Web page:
Efforts to recruit more pharmacists into the NHS are exacerbating staff shortages within community pharmacies, according to a trade body.
The Company Chemists Association (CCA), which represents more than half of the community pharmacy sector, said the recruitment of pharmacists into NHS primary care networks has contributed to staff shortages at pharmacies, which has pushed up their staffing costs.
Since 2019, 3,000 pharmacists have been recruited into NHS primary care networks, which the CCA says is around 10% of the community pharmacist workforce.
The NHS plans to recruit a total of 6,000 pharmacists in England by 2024, equivalent to nearly three full years of new pharmacists, but the CCA said there are no concrete plans to encourage young people to qualify as pharmacists.
“The government needs to acknowledge the acute workforce crisis that community pharmacy is facing and urgently take action for all parts of primary care,” said Malcolm Harrison, CCA CEO.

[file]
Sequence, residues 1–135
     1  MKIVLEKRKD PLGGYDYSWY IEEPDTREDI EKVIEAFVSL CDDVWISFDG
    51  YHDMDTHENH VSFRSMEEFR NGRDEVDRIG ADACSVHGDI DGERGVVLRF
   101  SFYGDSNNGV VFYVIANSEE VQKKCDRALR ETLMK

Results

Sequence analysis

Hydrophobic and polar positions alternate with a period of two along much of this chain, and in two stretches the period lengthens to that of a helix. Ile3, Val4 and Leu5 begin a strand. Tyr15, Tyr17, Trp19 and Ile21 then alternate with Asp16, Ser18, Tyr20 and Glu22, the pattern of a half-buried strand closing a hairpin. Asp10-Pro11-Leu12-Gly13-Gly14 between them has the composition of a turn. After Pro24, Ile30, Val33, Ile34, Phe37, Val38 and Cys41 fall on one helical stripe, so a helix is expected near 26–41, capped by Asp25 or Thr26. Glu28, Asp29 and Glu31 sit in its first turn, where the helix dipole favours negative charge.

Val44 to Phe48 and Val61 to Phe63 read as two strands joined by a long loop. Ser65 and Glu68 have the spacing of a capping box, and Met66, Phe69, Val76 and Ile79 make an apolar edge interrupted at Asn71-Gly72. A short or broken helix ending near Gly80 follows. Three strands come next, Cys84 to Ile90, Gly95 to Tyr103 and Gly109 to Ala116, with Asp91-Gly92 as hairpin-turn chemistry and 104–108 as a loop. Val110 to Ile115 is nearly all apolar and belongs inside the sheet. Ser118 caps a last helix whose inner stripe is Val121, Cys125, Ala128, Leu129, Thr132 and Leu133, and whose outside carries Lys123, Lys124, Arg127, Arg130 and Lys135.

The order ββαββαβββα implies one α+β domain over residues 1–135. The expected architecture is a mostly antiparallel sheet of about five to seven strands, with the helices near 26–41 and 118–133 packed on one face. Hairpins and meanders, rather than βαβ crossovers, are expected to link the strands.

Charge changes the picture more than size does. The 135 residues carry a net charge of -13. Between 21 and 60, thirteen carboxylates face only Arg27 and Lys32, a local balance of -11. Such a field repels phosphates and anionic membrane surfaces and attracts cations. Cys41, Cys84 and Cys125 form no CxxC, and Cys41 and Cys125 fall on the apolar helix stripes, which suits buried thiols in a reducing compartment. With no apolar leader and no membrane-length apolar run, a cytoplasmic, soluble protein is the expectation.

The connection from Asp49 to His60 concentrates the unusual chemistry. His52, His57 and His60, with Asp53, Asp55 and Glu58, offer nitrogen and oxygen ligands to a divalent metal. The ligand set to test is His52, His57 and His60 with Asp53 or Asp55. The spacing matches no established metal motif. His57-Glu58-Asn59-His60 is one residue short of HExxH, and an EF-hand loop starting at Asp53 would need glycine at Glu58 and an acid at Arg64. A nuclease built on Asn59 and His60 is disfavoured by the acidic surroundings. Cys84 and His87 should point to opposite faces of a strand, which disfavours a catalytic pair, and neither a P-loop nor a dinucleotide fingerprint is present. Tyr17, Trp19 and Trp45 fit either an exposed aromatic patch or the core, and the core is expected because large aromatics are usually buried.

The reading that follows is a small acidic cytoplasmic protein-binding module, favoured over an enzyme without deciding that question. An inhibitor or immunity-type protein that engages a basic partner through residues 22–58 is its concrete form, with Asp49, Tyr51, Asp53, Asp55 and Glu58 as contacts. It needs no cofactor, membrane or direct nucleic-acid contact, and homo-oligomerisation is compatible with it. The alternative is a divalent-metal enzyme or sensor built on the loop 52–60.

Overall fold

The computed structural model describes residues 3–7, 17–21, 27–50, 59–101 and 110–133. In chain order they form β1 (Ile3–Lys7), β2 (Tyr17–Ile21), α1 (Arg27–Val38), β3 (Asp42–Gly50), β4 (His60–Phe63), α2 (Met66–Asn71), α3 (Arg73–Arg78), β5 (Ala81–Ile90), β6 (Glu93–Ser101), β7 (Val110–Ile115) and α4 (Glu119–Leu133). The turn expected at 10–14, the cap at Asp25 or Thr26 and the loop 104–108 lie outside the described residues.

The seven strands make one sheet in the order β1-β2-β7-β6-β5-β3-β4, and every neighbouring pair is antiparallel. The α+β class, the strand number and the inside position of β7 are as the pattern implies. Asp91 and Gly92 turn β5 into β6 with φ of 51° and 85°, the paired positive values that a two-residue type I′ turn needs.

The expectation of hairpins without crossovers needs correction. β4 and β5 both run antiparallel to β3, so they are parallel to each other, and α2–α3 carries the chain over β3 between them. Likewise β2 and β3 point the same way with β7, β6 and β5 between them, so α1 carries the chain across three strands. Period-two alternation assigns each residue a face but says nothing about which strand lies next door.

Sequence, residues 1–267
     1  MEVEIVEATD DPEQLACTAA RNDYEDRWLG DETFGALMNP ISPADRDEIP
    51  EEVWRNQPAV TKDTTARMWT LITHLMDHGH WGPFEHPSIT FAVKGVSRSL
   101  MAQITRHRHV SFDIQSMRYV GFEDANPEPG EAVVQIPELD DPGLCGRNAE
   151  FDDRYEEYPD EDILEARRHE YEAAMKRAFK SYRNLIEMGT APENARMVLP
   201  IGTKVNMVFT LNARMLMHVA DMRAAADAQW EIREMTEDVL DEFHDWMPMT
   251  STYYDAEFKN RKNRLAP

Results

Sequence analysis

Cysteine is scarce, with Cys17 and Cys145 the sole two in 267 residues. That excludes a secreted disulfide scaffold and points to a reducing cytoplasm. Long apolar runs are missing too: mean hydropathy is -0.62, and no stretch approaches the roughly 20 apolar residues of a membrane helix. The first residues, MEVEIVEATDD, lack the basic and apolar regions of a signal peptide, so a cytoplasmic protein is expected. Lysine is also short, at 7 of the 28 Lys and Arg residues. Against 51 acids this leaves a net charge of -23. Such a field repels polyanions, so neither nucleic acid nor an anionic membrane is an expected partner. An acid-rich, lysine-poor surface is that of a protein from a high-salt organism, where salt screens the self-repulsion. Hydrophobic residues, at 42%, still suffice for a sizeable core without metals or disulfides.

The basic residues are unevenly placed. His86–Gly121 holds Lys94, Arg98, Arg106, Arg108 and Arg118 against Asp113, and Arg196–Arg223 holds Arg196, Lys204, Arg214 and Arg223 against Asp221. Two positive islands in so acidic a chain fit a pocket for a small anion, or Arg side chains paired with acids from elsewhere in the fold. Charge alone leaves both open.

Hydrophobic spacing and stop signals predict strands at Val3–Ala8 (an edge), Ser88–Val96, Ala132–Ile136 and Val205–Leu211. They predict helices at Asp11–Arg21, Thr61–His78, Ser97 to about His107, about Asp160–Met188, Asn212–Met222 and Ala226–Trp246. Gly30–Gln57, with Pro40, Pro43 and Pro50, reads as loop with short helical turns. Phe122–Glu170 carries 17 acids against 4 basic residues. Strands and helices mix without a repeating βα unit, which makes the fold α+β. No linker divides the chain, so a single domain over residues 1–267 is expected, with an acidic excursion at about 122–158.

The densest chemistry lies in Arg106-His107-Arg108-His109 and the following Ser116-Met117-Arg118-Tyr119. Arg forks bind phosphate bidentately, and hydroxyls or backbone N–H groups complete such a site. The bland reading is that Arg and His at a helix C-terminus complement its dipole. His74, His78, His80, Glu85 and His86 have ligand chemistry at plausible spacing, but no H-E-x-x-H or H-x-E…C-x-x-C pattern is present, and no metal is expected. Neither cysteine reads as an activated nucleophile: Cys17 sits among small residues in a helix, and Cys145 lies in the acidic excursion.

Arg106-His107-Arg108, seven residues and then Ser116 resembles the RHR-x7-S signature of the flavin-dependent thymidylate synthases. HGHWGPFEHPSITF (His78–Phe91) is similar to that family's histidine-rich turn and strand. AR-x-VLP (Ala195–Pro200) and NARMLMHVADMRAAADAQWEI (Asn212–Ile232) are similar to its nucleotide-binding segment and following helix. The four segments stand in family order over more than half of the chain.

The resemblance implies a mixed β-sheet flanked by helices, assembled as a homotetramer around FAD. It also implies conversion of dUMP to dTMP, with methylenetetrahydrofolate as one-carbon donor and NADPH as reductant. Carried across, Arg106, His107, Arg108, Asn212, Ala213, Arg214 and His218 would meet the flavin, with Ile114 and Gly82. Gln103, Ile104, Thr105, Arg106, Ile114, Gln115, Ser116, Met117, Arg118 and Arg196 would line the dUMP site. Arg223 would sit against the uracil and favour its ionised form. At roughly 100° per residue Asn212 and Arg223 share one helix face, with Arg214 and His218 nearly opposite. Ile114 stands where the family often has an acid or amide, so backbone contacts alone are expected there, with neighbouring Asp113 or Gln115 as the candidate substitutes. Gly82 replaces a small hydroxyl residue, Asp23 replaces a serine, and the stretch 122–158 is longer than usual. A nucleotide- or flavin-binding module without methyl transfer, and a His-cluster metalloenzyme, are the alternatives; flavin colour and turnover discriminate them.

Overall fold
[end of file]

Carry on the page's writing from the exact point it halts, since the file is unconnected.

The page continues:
“The pressures facing the pharmacist workforce, and the creation of new positions in the NHS, when insufficient additional pharmacists are being trained, is a significant threat to healthcare in England. Fundamentally, without action patient access to medicines is likely to suffer.”
The body said that the government should develop an efficient resourcing model that will allow community pharmacists to support the NHS where needed, describing its current attempts at plugging skills gaps as “short-sighted”.
The pharmacist workforce crisis was confirmed earlier this year when they were added to the government’s shortage occupation list.
A call for evidence by the Migration Advisory Committee revealed that the shortage was particularly acute in the south east of England, and its report said that the focus on recruiting clinical pharmacists into primary care and care homes in the NHS Long-Term Plan “could emerge as a significant challenge for pharmacy departments in the coming years”.